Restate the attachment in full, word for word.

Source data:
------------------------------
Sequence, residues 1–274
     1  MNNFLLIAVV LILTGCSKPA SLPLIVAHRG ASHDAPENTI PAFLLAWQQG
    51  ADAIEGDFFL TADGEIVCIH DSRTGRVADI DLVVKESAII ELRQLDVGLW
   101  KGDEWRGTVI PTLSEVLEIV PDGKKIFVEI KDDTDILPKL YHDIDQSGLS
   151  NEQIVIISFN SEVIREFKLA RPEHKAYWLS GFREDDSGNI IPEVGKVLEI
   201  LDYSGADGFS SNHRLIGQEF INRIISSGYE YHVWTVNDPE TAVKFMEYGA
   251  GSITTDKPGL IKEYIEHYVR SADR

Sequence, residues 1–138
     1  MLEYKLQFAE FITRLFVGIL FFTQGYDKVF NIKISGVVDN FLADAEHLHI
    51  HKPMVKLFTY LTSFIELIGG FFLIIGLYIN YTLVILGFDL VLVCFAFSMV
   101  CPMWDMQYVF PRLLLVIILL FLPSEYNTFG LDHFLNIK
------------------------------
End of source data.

Sequence, residues 1–274
     1  MNNFLLIAVV LILTGCSKPA SLPLIVAHRG ASHDAPENTI PAFLLAWQQG
    51  ADAIEGDFFL TADGEIVCIH DSRTGRVADI DLVVKESAII ELRQLDVGLW
   101  KGDEWRGTVI PTLSEVLEIV PDGKKIFVEI KDDTDILPKL YHDIDQSGLS
   151  NEQIVIISFN SEVIREFKLA RPEHKAYWLS GFREDDSGNI IPEVGKVLEI
   201  LDYSGADGFS SNHRLIGQEF INRIISSGYE YHVWTVNDPE TAVKFMEYGA
   251  GSITTDKPGL IKEYIEHYVR SADR

Sequence, residues 1–138
     1  MLEYKLQFAE FITRLFVGIL FFTQGYDKVF NIKISGVVDN FLADAEHLHI
    51  HKPMVKLFTY LTSFIELIGG FFLIIGLYIN YTLVILGFDL VLVCFAFSMV
   101  CPMWDMQYVF PRLLLVIILL FLPSEYNTFG LDHFLNIK